By some accounts, Shakespeare wrote King Lear while he was physical distancing during the plague. But that puts a lot of pressure on anyone trying to do creative work while life is in limbo. So how are Wyoming writers coping with quarantine in 2020? And what can we learn from them about creativity in times of stress?

State of Wyoming

Listen to the full show here.

Governor Gordon Favors A Conservative Approach Towards Dealing With The Pandemic

Wyoming Governor Mark Gordon says despite calls to reopen businesses he prefers to take a more conservative approach as Wyoming approaches the COVID-19 peak for the state.

Public Domain

So many of the things we had all hoped to do this spring are canceled. And we grieve those things, big and small. But grief can fester, or it can air.

So Wyoming Public Radio set up a voicemail for you to give air to your grief. And you answered—with dozens of replies, messages, and voicemails. Listen to the voices of Wyoming residents reflecting on what they've lost due to the coronavirus pandemic.

Courtesy University of Wyoming Art Museum

Arts organizations throughout Wyoming are stepping up with creative online activities while the coronavirus epidemic keeps people home.

Erin Jones

As people follow recommendations to stay home in the face of the coronavirus pandemic, some folks are left totally alone. That can be disruptive to mental health—especially in a state with one of the leading suicide rates.

During the coronavirus pandemic, people are following advice to stay home. Fewer customers means less cash flow for small local businesses. That's especially true when businesses have to close altogether. And that affects the entire community, as employees are left adrift.

U.S. Capitol Building
Public Domain

Listen to the full show here.

Two Wyoming Republicans Are Playing A Role In The Impeachment Debate

Two Wyoming lawmakers are playing key roles in the impeachment saga slowly unfolding in Washington. Correspondent Matt Laslo has the details from the nation’s capital.

Alex Myers

A new novel tells the story of a newly-out transgender Harvard student who has to give everything up when his family and girlfriend reject him. He's broke and looking for a new start—so he heads to Wyoming. Continental Divide is partly based on the real-life experiences of author Alex Myers, who was the first openly transgender student at Harvard. He talked with Wyoming Public Radio's Erin Jones about Wyoming, masculinity, and writing a new kind of fiction.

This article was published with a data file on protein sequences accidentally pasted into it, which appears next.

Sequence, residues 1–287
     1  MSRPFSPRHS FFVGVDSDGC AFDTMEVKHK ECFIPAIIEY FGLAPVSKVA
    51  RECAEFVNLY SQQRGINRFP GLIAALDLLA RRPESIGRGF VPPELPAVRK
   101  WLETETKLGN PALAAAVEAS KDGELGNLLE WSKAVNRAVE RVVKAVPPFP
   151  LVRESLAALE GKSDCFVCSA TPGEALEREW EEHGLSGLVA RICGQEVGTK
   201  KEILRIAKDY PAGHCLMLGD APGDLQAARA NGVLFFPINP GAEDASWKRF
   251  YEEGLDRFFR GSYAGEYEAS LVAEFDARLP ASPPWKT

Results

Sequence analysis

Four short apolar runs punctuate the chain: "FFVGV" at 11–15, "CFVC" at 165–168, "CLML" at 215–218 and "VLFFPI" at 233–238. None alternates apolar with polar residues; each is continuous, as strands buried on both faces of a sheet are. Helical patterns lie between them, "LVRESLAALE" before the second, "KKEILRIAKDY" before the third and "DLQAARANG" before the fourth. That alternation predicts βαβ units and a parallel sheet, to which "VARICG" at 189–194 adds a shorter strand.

Craig Johnson

Bestselling author Craig Johnson has just published his fifteenth book. Land of Wolves continues the adventures of Walt Longmire, a sheriff who solves mysteries in a fictional rural Wyoming county.

Wyoming Public Radio's Erin Jones learned about the ten years of perfecting his first novel, how to maintain relationships when you're an artist, and what it's like now to write a book a year.

What if you could put all your hard feelings—grief, depression, sadness—into the body of another person? That’s the premise of the new speculative young adult novel The Grief Keeper. And the people charged with carrying the grief of others? United States immigrants.

Ballet With A Twist

Sep 27, 2019
Ballets with a Twist

A New York City ballet company is coming to Cheyenne, with a performance called Cocktail Hour: The Show. It's exactly what it sounds like: dance vignettes of drinks. The Bloody Mary, the Mint Julep, the Shirley Temple...all performed with original choreography, music, and costumes. This is classical ballet with a twist. Wyoming Public Radio's Erin Jones got the scoop from choreographer Marilyn Klaus.

Erin Jones

The Internet has changed a lot of things about the way we read, think, and do politics, and it's also changed the creative writing of teens. Spoiler, this is a positive story about kids and the Internet.

A gas flare, used to burn off flammable gas -- on Highway 59 from Gillette
Cooper McKim / Wyoming Public Radio

Listen to the full show here.

Barrasso Pushes To Get Wyoming Natural Gas Sold Overseas

U.S. House Democrats are taking aim at an issue Wyoming Senator John Barrasso seems to have spent the most time on in the past few years: Exporting American, well – Wyoming energy – abroad. Correspondent Matt Laslo has the story from Washington.